GRAND LODGE BHD. OF R.R. TRAINMEN v. SCOTT

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GRAND LODGE BHD. OF R.R. TRAINMEN v. SCOTT
1929 OK 39
274 P. 27
135 Okla. 74
Case Number: 19512
Decided: 01/29/1929
Supreme Court of Oklahoma

GRAND LODGE BROTHERHOOD OF RAILROAD TRAINMEN
v.
SCOTT.

Syllabus

¶0 1. Appeal and Error--Record--Necessary that Case-Made Show Journal Entry of Judgment.
The case-made must affirmatively show that the judgment appealed from has been entered on the journal of the trial court.
2. Same--Sufficiency of Showing as to Journal Entry.
Where the case-made contains a recital that the following journal entry, setting forth the same, is filed and entered on the journal of the court, which journal entry shows to be approved by counsel for each party and signed by the trial judge, is incorporated in the case-made, and the case-made is duly served upon the opposing party and the opposing party does not move to strike out the purported journal entry upon the ground that the same is not entered upon the journal, and is served with notice of the time and place that the case-made will be presented for settling and signing and fails to appear at the time fixed for settlement and signing of case-made, and the trial judge approves the case-made and settles and signs the same as a true and correct case-made and orders it attested and filed by the court clerk, which is accordingly done, then such case-made becomes a part of the record in the case, and this court holds that such recitals in the case-made and the journal entry appearing therein and the signing and attesting by the trial judge and court clerk imports verity to the records and the same is sufficient to affirmatively show that the judgment appealed from has been entered on the journal of the trial court as required by law, and under such circumstances the burden is upon the party challenging the case-made or record to show in the manner authorized by statute that the same is not true and correct.
3. Appeal and Error--Scope of Review Where Brief Fails to Support Specifications of Error with Argument and Citation of Authority.
Where the brief of plaintiff in error does partially but not substantially comply with rule 26 of this court, "This court will not examine the record in search of prejudicial errors which are not clearly pointed out and insisted on in the brief of the complaining party, and it is not enough to assert in general terms that the ruling of the trial court is wrong, for on this the point will not be considered as having been made, but counsel should support the same with argument and citation of authority where possible. Brunson v. Emerson, 34 Okla. 211, 124 P. 979." Wyant v. Levy et al., 134 Okla. 39, 272 P. 851.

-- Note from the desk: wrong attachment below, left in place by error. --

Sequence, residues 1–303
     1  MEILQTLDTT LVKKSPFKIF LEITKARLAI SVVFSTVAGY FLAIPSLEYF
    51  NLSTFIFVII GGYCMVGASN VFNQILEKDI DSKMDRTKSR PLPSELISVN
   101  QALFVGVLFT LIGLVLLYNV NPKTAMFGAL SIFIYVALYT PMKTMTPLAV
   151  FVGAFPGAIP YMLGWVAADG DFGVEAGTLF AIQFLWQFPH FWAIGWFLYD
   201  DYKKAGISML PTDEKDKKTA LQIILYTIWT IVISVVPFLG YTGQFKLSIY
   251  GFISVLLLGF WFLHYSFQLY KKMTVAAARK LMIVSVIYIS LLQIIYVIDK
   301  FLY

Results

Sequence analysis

Error from Superior Court, Pottawatomie County; Leander G. Pitman, Judge.

Action by Agnes Scott against the Grand Lodge of the Brotherhood of Railroad Trainmen. Judgment for plaintiff, and defendant brings error. Motion to dismiss appeal overruled.

Abernathy & Howell, for plaintiff in error.
E. C. Stanard, M. L. Hankins, and Leonard Carey, for defendant in error.

SWINDALL, J.

¶1 Motion is filed to dismiss this appeal because the case-made does not affirmatively show that the journal entry of judgment and in overruling of motion for new trial have been recorded in the journal of the superior court of Pottawatomie county, Okla., as required by law; and second, because the brief of plaintiff in error fails to present and argue the assignments of error separately, as required by rule 26 of this court, and argues in a general way that the court erred in rendering judgment for the plaintiff and against the defendant in the lower court on the evidence and the pleadings.

¶2 We have carefully examined the record in this case, and find that there is a recital in the case-made at page 244A:

"That thereafter on February 16, 1928, there was filed in said cause in said court, a certain journal entry of judgment, which said journal entry of judgment is of record upon the journal in said court under date of January 5th, 1928. Said journal entry as filed and said journal entry as the same appears and is of record upon the journal of said court is in words and figures as follows, to wit:"